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The Daily Dispatch: December 16, 1861., [Electronic resource],
knocked down and his hands tied behind him. (search)
Ex-Governor Stewart knocked down and his hands tied behind him. --The Bowling Green (Ky.) Courier, of the 10th inst., says: "Ex-Governor Stewart, on passing to the Palee House, in St. Joseph, Mo., had to cross a bridge; while on which he was knocked down, his hands tied behind him, and what the reporter calls a shameless indignity' offered him. He was released by a party of the 15th Illinois, unbound, and then — run away with standing hair from his own friends."
The Daily Dispatch: December 16, 1861., [Electronic resource], Later from
Later from Kentucky. important proceedings of the Kentucky Union Legislature — resolutions offered Recognizing property in slaves, &c. The Bowling Green (Ky.) Courier, of the 10th inst., says that a number of professed Union men, alias Yankees, falsely assuming to represent the people of Kentucky, and styling themselves the Legislature, who were bought by Lincoln with a price, are now in session at Frankfort, obeying the Despot's orders, and doing his dirty work generally. The following is a short synopsis of their proceedings of the 29th and 30th of November: In the House of Representatives bills were introduced exempting soldiers now in Lincoln's service from the payment of the county levy for the year 1862; providing that attachments shall not issue against Lincoln soldiers because of absence from the State four months; and providing that no person aiding and assisting the rebellion against King Lincoln shall ever hold any office of trust or profit in thi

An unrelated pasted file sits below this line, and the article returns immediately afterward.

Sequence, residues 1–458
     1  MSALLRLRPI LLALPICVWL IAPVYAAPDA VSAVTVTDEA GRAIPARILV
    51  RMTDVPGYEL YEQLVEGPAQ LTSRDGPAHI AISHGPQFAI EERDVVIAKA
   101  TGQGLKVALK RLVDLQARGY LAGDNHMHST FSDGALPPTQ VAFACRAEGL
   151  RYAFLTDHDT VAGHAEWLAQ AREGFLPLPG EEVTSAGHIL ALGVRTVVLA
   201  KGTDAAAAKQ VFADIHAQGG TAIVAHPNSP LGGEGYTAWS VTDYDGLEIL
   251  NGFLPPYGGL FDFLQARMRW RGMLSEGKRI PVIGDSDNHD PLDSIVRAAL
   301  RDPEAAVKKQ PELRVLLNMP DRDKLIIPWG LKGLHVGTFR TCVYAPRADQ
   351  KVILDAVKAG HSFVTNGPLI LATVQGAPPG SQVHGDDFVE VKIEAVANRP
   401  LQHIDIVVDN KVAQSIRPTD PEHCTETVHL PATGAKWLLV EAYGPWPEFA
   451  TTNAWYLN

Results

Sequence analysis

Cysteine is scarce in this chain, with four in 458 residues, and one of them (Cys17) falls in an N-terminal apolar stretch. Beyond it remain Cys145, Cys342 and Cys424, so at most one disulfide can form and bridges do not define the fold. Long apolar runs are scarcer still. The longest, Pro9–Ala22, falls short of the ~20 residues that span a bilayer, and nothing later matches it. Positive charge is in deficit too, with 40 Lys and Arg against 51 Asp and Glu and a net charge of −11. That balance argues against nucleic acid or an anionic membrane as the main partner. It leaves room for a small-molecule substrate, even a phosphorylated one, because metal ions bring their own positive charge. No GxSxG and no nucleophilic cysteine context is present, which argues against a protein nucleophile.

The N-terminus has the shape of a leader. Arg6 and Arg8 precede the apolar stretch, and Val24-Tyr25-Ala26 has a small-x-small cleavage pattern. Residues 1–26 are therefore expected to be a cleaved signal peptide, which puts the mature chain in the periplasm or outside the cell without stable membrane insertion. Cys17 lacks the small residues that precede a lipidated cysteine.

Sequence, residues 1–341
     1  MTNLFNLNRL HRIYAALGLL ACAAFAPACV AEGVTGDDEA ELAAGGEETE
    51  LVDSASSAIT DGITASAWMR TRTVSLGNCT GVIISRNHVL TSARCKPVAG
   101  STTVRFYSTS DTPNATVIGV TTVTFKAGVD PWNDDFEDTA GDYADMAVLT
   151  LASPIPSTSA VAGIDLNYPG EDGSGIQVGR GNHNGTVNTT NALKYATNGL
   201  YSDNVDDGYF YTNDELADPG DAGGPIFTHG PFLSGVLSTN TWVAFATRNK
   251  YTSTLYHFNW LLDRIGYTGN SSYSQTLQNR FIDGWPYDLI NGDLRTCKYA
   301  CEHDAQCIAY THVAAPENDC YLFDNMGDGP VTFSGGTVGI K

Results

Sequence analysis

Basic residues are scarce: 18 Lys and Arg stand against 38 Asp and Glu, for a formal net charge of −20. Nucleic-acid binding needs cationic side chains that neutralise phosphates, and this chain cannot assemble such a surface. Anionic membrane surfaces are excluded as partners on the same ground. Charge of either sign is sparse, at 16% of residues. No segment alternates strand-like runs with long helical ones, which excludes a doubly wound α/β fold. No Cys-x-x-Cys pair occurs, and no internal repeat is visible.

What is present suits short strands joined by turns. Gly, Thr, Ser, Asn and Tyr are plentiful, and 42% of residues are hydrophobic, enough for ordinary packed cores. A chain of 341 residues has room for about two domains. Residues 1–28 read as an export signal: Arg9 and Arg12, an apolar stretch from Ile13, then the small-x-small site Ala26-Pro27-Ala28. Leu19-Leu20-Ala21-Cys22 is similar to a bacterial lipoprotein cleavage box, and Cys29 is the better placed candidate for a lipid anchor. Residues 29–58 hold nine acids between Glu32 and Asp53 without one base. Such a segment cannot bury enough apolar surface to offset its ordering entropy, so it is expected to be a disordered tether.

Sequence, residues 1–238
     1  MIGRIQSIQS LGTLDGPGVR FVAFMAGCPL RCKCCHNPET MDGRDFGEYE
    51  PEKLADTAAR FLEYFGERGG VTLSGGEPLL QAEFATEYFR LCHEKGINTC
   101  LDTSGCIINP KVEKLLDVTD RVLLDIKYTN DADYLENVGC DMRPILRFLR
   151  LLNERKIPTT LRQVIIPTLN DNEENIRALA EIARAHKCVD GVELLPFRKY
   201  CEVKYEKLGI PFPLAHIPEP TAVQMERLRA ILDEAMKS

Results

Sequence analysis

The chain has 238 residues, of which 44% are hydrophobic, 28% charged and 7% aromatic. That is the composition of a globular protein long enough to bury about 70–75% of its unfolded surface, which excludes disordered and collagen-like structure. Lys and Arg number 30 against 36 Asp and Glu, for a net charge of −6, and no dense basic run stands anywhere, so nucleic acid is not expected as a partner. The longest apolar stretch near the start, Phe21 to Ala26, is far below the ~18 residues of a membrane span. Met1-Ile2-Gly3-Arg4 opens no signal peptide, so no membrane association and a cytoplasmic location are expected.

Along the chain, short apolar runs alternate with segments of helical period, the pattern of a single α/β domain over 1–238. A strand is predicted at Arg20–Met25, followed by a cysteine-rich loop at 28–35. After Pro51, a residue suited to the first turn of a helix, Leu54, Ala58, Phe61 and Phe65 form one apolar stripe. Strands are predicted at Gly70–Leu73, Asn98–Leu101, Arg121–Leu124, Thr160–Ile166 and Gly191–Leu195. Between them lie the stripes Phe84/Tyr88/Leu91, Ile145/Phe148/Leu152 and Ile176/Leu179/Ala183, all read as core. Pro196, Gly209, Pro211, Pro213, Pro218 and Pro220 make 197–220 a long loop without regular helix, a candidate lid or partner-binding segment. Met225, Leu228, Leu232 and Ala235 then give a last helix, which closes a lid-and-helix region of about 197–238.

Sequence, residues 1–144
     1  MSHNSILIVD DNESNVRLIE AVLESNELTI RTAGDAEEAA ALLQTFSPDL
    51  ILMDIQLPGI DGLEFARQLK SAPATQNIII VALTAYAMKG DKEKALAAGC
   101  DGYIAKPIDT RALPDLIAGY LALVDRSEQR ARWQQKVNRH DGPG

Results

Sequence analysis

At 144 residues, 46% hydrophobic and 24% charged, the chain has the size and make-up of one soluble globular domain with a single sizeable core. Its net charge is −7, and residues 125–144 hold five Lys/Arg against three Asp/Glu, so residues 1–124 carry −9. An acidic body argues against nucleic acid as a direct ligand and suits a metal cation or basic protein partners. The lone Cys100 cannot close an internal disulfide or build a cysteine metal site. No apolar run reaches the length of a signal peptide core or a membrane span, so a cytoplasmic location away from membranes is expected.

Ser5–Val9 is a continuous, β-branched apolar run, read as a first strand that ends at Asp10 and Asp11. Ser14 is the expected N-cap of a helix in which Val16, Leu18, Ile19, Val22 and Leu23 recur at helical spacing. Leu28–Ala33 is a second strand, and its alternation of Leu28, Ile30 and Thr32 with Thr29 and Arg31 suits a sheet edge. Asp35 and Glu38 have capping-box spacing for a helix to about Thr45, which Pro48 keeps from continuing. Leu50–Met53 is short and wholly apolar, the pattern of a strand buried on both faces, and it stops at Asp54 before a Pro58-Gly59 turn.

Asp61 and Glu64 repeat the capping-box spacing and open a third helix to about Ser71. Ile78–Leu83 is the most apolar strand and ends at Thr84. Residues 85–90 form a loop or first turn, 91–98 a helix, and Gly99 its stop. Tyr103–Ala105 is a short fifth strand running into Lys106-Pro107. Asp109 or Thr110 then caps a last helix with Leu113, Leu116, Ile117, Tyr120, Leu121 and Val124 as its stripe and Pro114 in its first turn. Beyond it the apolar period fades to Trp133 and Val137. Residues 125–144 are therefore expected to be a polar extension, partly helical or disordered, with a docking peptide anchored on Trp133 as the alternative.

The Daily Dispatch: December 16, 1861., [Electronic resource], Affairs at the
Affairs at the South. We make up the following summary of Southern news from late exchanges received at this office: Late and interesting from Missouri--arrival of Camp Jackson prisoners — movements of Gen. Price, &c. From the Memphis Avalanche, of the 10th inst., we extract the following interesting particulars in regard to affairs in Missouri: The Camp Jackson prisoners, some sixty-five in number, accompanied by Gen. Frost, reached the city on the steamer Kentucky, from Columbus yesterday morning. They left St. Louis on the 2d Dec., and according to agreement, they were to be sent directly to Gen. Price's army; but on getting them at the Pacific Depot, they were informed that they had to go by way of Cairo, and after requiring each of them to take an oath as long as the moral law, they were marched aboard the Iatan and taken to Cairo, and thence, under flag of truce, to Columbus. They say before the prisoners left St. Louis, the ladies of the city, all of whom a
The Daily Dispatch: December 16, 1861., [Electronic resource], The orders for the arrest of
and Mason . (search)
The Test Oath Ordinance was most signally defeated in the North Carolina Convention on the 10th inst.